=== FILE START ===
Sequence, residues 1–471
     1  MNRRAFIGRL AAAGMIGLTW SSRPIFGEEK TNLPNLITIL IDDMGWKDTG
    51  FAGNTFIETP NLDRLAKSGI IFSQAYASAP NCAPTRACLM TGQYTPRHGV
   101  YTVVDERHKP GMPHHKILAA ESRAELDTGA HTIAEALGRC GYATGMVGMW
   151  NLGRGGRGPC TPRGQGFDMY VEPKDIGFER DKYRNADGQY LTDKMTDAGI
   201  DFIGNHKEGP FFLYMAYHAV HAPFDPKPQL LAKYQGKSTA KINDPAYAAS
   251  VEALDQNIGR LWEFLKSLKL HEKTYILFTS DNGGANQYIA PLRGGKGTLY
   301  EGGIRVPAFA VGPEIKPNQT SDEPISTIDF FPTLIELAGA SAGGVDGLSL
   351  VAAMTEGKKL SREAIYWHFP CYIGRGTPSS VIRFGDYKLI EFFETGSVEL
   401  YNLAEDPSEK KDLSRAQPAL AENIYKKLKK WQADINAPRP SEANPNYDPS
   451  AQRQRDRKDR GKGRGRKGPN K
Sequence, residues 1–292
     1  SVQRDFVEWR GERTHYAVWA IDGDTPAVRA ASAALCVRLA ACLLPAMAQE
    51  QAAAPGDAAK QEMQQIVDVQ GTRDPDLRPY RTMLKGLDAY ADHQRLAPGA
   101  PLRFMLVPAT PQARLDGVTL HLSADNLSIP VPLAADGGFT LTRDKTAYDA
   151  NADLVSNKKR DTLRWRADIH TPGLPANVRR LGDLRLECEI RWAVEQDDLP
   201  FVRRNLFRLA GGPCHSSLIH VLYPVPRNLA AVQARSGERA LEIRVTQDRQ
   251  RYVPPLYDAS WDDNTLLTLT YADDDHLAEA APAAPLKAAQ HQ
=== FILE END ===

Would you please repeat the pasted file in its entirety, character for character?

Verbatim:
Sequence, residues 1–471
     1  MNRRAFIGRL AAAGMIGLTW SSRPIFGEEK TNLPNLITIL IDDMGWKDTG
    51  FAGNTFIETP NLDRLAKSGI IFSQAYASAP NCAPTRACLM TGQYTPRHGV
   101  YTVVDERHKP GMPHHKILAA ESRAELDTGA HTIAEALGRC GYATGMVGMW
   151  NLGRGGRGPC TPRGQGFDMY VEPKDIGFER DKYRNADGQY LTDKMTDAGI
   201  DFIGNHKEGP FFLYMAYHAV HAPFDPKPQL LAKYQGKSTA KINDPAYAAS
   251  VEALDQNIGR LWEFLKSLKL HEKTYILFTS DNGGANQYIA PLRGGKGTLY
   301  EGGIRVPAFA VGPEIKPNQT SDEPISTIDF FPTLIELAGA SAGGVDGLSL
   351  VAAMTEGKKL SREAIYWHFP CYIGRGTPSS VIRFGDYKLI EFFETGSVEL
   401  YNLAEDPSEK KDLSRAQPAL AENIYKKLKK WQADINAPRP SEANPNYDPS
   451  AQRQRDRKDR GKGRGRKGPN K
Sequence, residues 1–292
     1  SVQRDFVEWR GERTHYAVWA IDGDTPAVRA ASAALCVRLA ACLLPAMAQE
    51  QAAAPGDAAK QEMQQIVDVQ GTRDPDLRPY RTMLKGLDAY ADHQRLAPGA
   101  PLRFMLVPAT PQARLDGVTL HLSADNLSIP VPLAADGGFT LTRDKTAYDA
   151  NADLVSNKKR DTLRWRADIH TPGLPANVRR LGDLRLECEI RWAVEQDDLP
   201  FVRRNLFRLA GGPCHSSLIH VLYPVPRNLA AVQARSGERA LEIRVTQDRQ
   251  RYVPPLYDAS WDDNTLLTLT YADDDHLAEA APAAPLKAAQ HQ